Almost €63,000 in overpaid rent repaid to tenants in 2022 – RTB report

Almost €63,000 In Overpaid Rent Repaid To Tenants In 2022 – Rtb Report
The RTB's annual report for 2022 showed €402,000 in late registration fees was repaid to landlords and agents due to an issue with the registration system.
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Noel Baker

The Residential Tenancies Board (RTB) saw demand for its dispute resolution service soar to a record high last year, with almost €63,000 in overpaid rent returned to tenants.

The watchdog's latest annual report showed a 30 per cent annual increase in the number of landlords and tenants seeking the use of the Dispute Resolution Service, with 7,417 applications.


A third of cases related to rent arrears or a tenant failing to leave a rented property by a set date, while just under a fifth of cases related to the validity of the Notice of Termination issued by a landlord and 17 per cent concerned alleged breaches of landlord obligations.

Some €62,659 in overpaid rent was returned to tenants last year, meaning €347,000 in overpaid rent has been returned since the RTB's Investigation and Sanctions function was established in 2019.

However, the report also included an apology to landlords and agents for "performance failures" in its online registration system, with the RTB's chair, Tom Dunne, and director, Niall Byrne, admitting: "These had serious impacts on landlords and letting agents."

The issued led to the reimbursement of some €402,000 in late registration fees to landlords and agents.


It followed a new requirement, introduced last year, for landlords and letting agents to register tenancies on an annual basis. But the report noted: "The Registration System did not fully work as intended and this caused a range of issues for many landlords and agents trying to register their tenancies.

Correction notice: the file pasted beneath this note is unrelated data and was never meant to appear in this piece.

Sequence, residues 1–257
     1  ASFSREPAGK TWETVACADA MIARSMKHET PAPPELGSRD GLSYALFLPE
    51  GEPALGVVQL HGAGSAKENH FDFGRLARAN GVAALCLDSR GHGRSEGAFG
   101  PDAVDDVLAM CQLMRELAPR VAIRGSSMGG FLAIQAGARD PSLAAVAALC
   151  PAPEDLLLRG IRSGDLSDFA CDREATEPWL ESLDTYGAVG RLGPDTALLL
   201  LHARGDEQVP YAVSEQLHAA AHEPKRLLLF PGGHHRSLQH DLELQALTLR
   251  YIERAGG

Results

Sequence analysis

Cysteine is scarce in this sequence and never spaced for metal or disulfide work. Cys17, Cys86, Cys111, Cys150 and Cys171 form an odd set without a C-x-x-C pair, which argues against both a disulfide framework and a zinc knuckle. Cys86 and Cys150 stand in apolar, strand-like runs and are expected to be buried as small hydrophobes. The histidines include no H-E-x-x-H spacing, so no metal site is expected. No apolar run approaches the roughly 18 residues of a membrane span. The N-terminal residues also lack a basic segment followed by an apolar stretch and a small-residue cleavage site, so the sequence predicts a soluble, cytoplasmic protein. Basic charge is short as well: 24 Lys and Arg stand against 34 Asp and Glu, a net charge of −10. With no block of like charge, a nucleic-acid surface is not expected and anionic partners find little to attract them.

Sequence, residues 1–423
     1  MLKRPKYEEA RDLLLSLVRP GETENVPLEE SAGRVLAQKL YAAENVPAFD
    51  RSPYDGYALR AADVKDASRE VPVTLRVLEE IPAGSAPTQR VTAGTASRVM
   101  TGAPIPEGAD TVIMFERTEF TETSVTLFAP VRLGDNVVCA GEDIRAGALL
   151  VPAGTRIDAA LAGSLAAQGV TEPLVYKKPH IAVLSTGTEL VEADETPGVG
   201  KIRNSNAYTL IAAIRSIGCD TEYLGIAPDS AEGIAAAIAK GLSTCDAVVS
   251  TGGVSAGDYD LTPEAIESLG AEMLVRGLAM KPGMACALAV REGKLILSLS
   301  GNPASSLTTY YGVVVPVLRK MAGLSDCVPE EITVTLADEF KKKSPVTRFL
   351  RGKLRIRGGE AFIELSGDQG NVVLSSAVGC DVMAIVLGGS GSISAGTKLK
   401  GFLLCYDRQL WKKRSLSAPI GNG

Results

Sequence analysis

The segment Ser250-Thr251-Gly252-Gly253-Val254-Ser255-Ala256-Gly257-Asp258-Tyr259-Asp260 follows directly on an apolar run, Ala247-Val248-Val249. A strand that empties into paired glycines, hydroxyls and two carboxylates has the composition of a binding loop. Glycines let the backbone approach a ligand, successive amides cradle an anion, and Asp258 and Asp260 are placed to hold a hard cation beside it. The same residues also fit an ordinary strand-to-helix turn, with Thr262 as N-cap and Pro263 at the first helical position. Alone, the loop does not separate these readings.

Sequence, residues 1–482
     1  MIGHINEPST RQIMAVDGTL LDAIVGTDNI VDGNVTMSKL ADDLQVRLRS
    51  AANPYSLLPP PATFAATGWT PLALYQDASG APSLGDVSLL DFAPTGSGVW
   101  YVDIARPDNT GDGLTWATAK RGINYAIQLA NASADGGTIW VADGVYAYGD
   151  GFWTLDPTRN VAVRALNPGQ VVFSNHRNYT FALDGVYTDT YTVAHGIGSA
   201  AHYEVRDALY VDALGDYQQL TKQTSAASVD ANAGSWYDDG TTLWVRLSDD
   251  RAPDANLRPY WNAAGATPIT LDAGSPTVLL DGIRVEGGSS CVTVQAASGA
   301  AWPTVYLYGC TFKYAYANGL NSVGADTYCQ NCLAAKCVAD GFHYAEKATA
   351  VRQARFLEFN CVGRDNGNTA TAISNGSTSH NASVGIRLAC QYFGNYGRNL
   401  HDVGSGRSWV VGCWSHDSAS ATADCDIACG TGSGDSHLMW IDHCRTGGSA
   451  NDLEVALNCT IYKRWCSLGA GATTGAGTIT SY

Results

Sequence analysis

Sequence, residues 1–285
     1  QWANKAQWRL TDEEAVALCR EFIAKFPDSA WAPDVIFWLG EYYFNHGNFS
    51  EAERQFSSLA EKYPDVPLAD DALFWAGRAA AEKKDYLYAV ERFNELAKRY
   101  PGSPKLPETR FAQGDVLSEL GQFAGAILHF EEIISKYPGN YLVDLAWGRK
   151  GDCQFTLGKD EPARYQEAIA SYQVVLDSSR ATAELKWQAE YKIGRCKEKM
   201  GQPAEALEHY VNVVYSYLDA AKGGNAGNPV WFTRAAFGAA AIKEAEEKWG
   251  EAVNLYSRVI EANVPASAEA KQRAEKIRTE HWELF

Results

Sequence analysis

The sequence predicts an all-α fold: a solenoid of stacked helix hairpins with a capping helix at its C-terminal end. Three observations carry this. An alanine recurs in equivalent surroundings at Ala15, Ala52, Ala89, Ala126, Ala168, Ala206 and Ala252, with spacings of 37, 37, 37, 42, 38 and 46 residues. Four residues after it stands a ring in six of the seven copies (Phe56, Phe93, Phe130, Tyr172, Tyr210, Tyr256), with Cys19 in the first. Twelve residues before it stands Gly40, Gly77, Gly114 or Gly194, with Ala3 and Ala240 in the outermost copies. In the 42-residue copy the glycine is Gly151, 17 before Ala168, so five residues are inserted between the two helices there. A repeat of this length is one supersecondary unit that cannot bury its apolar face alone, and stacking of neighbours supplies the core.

"As a result, the RTB experienced unprecedented demand on our customer service channels, which resulted in significant delays, backlogs and response issues in our contact centre."

System failures

The issues included landlords and agents having difficulty migrating information from older systems to the new system, and problems with data verification.

"Many users found the system confusing and slow to navigate which caused unnecessary frustration and delay in completing registrations to users of the system," the report conceded.


Measures introduced to tackle the issues included extra staffing and temporarily suspending the RTB's webchat service last August, as it was deemed "not suitable to deal with the volume or complexity of the queries then being received". A focus was instead placed on email and phone supports and a temporary pause was placed on the charging of late fees.

A note from the Comptroller and Auditor General also refered to the online registration issues, outlining how the RTB decided to reimburse landlords and agents who had incurred such late registration penalties between August and November 2022, totalling just over €402,000.

The RTB approved 130 investigations into potential improper conduct and issued 106 decisions to the relevant landlords, some relating to cases opened in previous years, although the decision to impose a sanction must be confirmed in the Circuit Court.

During 2022, 46 cases were confirmed in the Dublin, Kildare, Louth, and Galway Circuit Courts, with 47 decisions confirmed in total.


The report said 36 out of the 47 sanctions published were for breach of Rent Pressure Zone regulations, with 39 landlords acknowledging the improper conduct at the beginning of the investigation.

More than €39,000 was paid in sanctions by landlords in 2022, with the average sanction being €1,484.

The report also showed the total number of private tenancies registered with the RTB has fallen from 297,837 at the end of 2020 to 276,223 a year later, and then further to 246,453 by the end of 2022.

However, it said previous figures were inflated by expired tenancies and the new up-to-date registration data provides a more accurate representation of the number of active tenancies in the State.

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